On its own, R-value doesn’t carry much clout as an effective guide.
If you’ve dealt with insulation, chances are you’re aware of R-value. It refers to insulation’s resistance to heat flow. It measures thermal resistance to heat flow offered by traditional insulation – conductive flow – in a controlled setting. The higher this value is, the greater the insulating power. While it’s an indicator to check and know, it’s not quite the sacrosanct determiner for all things insulation that some may lead you to believe.
On its own, R-value doesn’t carry much clout as an effective guide. Reducing insulation to a single number fails in telling the whole story since in homes, heat also flows in or out through radiation and convection. Heat loss through convection (air leakage) can account for as much as 40% of total energy lost by your home, according to the U.S. Department of Energy. This is a problem when only using R-value. Among the elements and outside of the lab, more dimensions and factors are needed to conclude the right insulation for a home or building.
Let’s use loose-fill fiberglass insulation in an attic as an example. In cold climates, air begins to circulate into and within the insulation, creating convective loops that increase heat loss, thus decreasing R-value. At extremely cold temperatures that R-value could see a 50% decrease.
Another factor affecting R-value includes how your home is built. Whether it’s a single- or multi-level home, the type of ceiling, if there’s a basement, and more all introduce variables to R-value. Additionally, how you heat or cool your home also plays a role in affecting R-value.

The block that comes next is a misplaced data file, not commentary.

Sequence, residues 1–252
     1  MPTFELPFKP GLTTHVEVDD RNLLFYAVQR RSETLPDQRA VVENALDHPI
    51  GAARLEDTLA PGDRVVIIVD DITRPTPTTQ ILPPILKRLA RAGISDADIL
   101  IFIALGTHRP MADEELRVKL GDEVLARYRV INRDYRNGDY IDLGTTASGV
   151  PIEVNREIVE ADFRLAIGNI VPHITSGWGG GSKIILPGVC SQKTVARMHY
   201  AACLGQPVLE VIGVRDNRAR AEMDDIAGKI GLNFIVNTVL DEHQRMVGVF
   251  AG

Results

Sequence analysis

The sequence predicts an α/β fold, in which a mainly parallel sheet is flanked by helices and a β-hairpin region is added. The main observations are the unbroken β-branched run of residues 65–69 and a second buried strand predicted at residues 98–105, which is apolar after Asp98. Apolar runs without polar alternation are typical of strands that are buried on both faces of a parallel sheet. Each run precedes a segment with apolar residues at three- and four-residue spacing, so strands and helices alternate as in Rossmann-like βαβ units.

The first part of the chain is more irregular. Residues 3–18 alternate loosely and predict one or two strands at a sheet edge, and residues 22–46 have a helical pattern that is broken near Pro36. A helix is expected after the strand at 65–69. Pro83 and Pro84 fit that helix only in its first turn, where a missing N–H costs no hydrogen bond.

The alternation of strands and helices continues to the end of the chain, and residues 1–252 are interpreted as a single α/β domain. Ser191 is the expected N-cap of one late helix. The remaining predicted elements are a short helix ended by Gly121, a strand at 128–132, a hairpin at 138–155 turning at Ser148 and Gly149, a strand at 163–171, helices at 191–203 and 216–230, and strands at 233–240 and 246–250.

So what besides R-value should you know about your insulation options?
Resistance to air penetration and to vapor drive is a good starting point. It’s about determining R-value after the insulating material is subjected to an actual home environment.
Outside of a high R-value, superior insulation is pneumatically or spray applied, fully filling to your home’s cavity. R-value isn’t so much an end-all determiner, but a starting point in delving into the potential effectiveness of the insulation you choose to employ.
Properly insulating your home means knowing some operational features of your home and the environment it sits in. R-value is a component within the equation of finding the right insulation for your home – not the answer itself.
About Eric Garcia
Eric brings his knowledge and training in building science, training in spray and injection foams from the manufacturers, more than 8 years installing foam insulation, as well as selling and managing in the foam insulation industry. He is also BPI and Dale Carnegie certified and has taken several building science courses including air sealing and building envelope. Eric’s responsibilities include overseeing and giving support to all of the branches of the RetroFoam of Michigan company, office, estimates, and installs. He is also the Professor of Foam on our educational YouTube series Foam University. Even when Eric is off he is usually still “working” or thinking about work, but when he can get away he enjoys camping, hiking, hunting, and woodwork.